It takes more land to farm organic food than it does non-organic food, which increases its impact on the environment.
ORGANIC FOOD HAS A larger impact on the climate than conventional food because of the greater area of land required to farm it.
A study published Wednesday in the journal Nature found that farming organic food can result in much higher emissions than non-organic farming. According to a press release from Chalmers University of Technology in Sweden, researchers discovered that farming organic peas resulted in a 50 percent larger climate impact than farming non-organic peas.
Additionally, some organic food has an even greater climate impact. Organic Swedish winter wheat results in a 70 percent increased impact. The reason behind this is that much less organic food can be grown in an area than conventional food. The press release states that “organic food is so much worse for the climate [because] the yields per hectare are much lower,” mostly due to the fact that fertilizers aren’t being used.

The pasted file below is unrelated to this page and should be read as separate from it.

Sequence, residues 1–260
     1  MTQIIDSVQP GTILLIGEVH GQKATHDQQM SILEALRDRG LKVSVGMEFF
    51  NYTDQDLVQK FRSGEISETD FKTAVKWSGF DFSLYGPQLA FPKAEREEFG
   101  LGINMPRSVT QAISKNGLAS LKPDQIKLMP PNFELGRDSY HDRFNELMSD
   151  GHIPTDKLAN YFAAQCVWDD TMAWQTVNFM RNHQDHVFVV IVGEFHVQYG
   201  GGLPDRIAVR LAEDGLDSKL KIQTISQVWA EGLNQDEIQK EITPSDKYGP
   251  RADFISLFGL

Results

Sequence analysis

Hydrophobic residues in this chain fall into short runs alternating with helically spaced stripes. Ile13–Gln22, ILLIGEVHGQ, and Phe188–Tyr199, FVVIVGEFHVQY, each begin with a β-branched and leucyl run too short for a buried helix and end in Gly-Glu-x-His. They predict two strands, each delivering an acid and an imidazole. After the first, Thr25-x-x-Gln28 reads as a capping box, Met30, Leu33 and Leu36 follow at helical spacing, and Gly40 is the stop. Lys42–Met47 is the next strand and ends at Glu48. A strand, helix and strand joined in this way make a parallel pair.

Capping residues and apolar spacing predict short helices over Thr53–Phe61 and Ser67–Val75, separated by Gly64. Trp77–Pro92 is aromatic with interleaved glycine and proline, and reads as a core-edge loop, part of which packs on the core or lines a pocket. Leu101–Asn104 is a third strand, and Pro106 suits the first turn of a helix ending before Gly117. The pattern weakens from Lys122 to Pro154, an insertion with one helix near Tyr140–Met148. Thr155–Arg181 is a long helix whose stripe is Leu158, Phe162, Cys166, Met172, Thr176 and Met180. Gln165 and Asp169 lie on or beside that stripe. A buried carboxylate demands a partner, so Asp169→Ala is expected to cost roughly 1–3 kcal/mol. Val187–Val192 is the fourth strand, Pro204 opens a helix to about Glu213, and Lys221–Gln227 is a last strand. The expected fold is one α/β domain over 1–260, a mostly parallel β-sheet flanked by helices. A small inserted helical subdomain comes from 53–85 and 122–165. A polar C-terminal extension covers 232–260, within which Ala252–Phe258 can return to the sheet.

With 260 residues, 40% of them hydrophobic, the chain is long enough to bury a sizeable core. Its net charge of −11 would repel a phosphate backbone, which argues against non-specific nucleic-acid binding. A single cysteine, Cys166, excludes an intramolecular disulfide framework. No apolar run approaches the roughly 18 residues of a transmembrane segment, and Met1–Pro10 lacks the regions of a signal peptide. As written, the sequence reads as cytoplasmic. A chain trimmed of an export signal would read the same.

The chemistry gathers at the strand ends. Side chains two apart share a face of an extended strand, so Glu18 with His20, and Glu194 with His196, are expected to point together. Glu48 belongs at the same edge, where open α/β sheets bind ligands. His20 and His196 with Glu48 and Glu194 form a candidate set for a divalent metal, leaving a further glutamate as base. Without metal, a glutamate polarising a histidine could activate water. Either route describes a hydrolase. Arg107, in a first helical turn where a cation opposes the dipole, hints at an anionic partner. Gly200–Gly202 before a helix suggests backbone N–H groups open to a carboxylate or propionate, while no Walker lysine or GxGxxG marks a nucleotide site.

This results in much more land required to produce the same amount of food, thus worsening its effect on the environment.
“The greater land-use in organic farming leads indirectly to higher carbon dioxide emissions, thanks to deforestation,” Stefan Wirsenius co-author of the study said. “The world’s food production is governed by international trade, so how we farm in Sweden influences deforestation in the tropics. If we use more land for the same amount of food, we contribute indirectly to bigger deforestation elsewhere in the world.”
It’s not just vegetables and grains, organic meat and dairy products are also worse for the environment than their non-organic counterparts. Producing organic meat and milk requires the use of organic feeds, which take up more land than non-organic feed.
Although Wirsenius explained this concept, researchers did not conduct specific calculations on meat and milk.